Direct Determination of the Base-Pair Force Constant of DNA from the Acoustic Phonon Dispersion of the Double Helix

Reactor Institute Delft, Delft University of Technology, Mekelweg 15, 2629JB, Delft, The Netherlands.
Physical Review Letters (Impact Factor: 7.51). 08/2011; 107(8):088102. DOI: 10.1103/PhysRevLett.107.088102
Source: PubMed


Quantifying the molecular elasticity of DNA is fundamental to our understanding of its biological functions. Recently different groups, through experiments on tailored DNA samples and numerical models, have reported a range of stretching force constants (0.3 to 3 N/m). However, the most direct, microscopic measurement of DNA stiffness is obtained from the dispersion of its vibrations. A new neutron scattering spectrometer and aligned, wet spun samples have enabled such measurements, which provide the first data of collective excitations of DNA and yield a force constant of 83 N/m. Structural and dynamic order persists unchanged to within 15 K of the melting point of the sample, precluding the formation of bubbles. These findings are supported by large scale phonon and molecular dynamics calculations, which reconcile hard and soft force constants.

Download full-text


Available from: Jacques Ollivier,
  • Source
    • "In this context it has been proposed that the denaturation is a sharp, first order like, transition driven by the entropic gain associated to the reduced stacking coupling which renders the bases motion more disordered [54]. While the precise value of the melting entropy may depend on the sequence specificities [55], recent neutron scattering investigations have suggested that DNA maintains the helical order almost up to the melting [56] and that denaturation is rather a continuous transition, albeit occurring in a narrow temperature range as shown by renormalization group analysis of the DPB model [57]. Similar trends have been found in simulations of DNA denaturation based on Langevin dynamics [58] and in the path integral method developed both for homogeneous [40] and heterogeneous [41] sequences, although in the latter the denaturation takes place in multiple steps due to the fact that the AT rich regions generally open at lower temperatures than the GC rich ones "
    [Show abstract] [Hide abstract]
    ABSTRACT: The denaturation of the double helix is a template for fundamental biological functions such as replication and transcription involving the formation of local fluctuational openings. The denaturation transition is studied for heterogeneous short sequences of DNA, i.e. ∼100 base pairs, in the framework of a mesoscopic Hamiltonian model which accounts for the helicoidal geometry of the molecule. The theoretical background for the application of the path integral formalism to predictive analysis of the molecule thermodynamical properties is discussed. The base pair displacements with respect to the ground state are treated as paths whose temperature dependent amplitudes are governed by the thermal wavelength. The ensemble of base pairs paths is selected, at any temperature, consistently with both the model potential and the second law of thermodynamics. The partition function incorporates the effects of the base pair thermal fluctuations which become stronger close to the denaturation. The transition appears as a gradual phenomenon starting from the molecule segments rich in adenine-thymine base pairs. Computing the equilibrium thermodynamics, we focus on the interplay between twisting of the complementary strands around the molecule axis and nonlinear stacking potential: it is shown that the latter affects the melting profiles only if the rotational degrees of freedom are included in the Hamiltonian. The use of ladder Hamiltonian models for the DNA complementary strands in the pre-melting regime is questioned.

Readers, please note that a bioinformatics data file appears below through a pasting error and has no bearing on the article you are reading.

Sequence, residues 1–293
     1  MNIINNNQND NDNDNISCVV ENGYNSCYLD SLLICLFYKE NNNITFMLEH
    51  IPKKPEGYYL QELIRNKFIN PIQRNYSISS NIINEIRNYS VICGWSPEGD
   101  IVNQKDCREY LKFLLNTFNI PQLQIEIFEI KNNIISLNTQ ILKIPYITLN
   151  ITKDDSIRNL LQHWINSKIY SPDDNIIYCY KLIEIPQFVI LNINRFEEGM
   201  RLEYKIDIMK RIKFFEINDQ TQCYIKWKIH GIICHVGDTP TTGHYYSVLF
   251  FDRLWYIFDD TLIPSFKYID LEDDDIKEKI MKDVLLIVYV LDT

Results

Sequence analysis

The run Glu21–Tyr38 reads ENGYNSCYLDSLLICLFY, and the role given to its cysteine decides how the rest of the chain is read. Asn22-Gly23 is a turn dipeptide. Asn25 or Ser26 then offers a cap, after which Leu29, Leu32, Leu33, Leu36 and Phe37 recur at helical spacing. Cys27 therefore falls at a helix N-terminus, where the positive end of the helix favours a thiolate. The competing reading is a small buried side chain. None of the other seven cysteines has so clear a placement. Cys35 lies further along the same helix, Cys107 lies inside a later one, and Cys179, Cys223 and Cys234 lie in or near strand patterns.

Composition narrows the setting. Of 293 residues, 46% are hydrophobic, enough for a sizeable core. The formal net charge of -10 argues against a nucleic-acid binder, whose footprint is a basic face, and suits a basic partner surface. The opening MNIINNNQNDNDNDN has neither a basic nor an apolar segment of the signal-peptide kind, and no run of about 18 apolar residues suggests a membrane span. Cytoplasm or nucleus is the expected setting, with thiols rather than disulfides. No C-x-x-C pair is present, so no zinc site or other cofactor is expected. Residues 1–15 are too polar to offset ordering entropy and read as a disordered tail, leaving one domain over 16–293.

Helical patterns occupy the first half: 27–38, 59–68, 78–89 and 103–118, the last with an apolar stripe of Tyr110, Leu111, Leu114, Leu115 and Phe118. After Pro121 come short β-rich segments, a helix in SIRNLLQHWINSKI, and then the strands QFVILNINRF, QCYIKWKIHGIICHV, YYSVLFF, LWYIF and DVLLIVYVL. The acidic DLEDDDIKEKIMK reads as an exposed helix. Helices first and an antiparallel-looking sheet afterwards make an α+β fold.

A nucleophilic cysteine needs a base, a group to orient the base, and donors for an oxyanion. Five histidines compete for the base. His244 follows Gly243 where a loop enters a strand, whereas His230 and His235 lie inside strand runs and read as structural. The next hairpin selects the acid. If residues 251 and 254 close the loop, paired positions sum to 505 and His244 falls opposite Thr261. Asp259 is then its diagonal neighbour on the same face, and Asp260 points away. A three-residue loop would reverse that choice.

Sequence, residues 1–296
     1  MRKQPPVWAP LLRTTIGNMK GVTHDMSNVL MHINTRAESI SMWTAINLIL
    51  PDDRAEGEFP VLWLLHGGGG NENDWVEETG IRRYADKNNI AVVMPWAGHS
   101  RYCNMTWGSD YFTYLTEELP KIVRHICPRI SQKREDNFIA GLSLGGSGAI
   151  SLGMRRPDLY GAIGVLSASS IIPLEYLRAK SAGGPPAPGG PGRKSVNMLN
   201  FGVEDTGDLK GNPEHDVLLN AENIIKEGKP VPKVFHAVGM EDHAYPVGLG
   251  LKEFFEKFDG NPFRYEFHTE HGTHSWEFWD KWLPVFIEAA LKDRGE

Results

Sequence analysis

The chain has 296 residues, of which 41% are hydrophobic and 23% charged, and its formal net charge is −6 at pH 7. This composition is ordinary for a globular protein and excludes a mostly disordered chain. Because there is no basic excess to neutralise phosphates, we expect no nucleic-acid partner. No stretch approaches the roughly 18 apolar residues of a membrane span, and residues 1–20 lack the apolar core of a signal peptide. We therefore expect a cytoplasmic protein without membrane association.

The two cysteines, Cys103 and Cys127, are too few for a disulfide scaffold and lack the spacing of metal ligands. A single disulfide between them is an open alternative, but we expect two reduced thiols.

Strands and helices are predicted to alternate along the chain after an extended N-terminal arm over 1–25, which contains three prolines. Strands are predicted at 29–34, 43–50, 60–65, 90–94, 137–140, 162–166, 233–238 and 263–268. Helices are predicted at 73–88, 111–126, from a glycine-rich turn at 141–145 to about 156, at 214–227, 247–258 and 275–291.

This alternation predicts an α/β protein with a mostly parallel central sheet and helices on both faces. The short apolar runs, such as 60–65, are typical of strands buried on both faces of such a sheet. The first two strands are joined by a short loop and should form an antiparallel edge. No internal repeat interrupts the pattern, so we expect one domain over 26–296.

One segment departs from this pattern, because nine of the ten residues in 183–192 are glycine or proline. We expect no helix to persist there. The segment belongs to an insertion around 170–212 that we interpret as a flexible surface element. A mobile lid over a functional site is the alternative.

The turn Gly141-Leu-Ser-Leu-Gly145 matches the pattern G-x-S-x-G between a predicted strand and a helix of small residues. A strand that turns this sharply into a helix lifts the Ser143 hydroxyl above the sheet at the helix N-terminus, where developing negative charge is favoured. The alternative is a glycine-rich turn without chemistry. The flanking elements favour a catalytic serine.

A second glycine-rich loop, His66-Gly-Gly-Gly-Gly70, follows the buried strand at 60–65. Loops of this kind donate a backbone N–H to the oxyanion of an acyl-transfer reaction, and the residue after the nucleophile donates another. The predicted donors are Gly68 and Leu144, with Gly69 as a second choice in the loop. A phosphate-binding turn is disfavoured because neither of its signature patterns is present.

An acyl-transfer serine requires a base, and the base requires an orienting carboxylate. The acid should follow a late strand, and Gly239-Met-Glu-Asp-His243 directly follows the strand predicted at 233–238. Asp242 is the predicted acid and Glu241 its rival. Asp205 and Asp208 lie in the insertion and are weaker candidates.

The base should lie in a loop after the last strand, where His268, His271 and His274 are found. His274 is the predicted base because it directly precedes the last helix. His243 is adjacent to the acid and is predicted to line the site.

Journal of Theoretical Biology 03/2014; 354. DOI:10.1016/j.jtbi.2014.03.031 · 2.12 Impact Factor
  • Source
    [Show abstract] [Hide abstract]
    ABSTRACT: C60 fullerenes confined inside single-walled carbon nanotubes form an archetypal one-dimensional system. X-ray diffraction experiments, from room temperature to 1073 K, reveal an increasing melting phenomenon. Detailed analysis of the sawtooth peak characteristic of the fullerene organization allows the quantitative determination of fluctuations in intermolecular distances. The present results validate the predictions of one-dimensional statistical models.
    Physical Review B 02/2012; 86:045446. DOI:10.1103/PhysRevB.86.045446 · 3.74 Impact Factor
  • Source
    [Show abstract] [Hide abstract]
    ABSTRACT: Fullerenes inserted in single-walled carbon nanotubes, the so-called “peapods,” provide scientists with an exceptional molecular model system to study one-dimensional physics and confinement. In this communication, we present recent inelastic neutron scattering measurements concerning the translational dynamics of this one-dimensional system. The recent synthesis of a large amount of two-dimensional oriented samples allows us to extract the sole contribution of the inserted C60 chains. The related quasi-elastic-like peak evolves with the temperature but never shows an additional inelastic contribution when lowering temperature, indicating that carbon peapod is a true one-dimensional system down to low temperatures.
    Fullerenes Nanotubes and Carbon Nanostructures 05/2012; 20(4-7):395-400. DOI:10.1080/1536383X.2012.655209 · 0.84 Impact Factor
Show more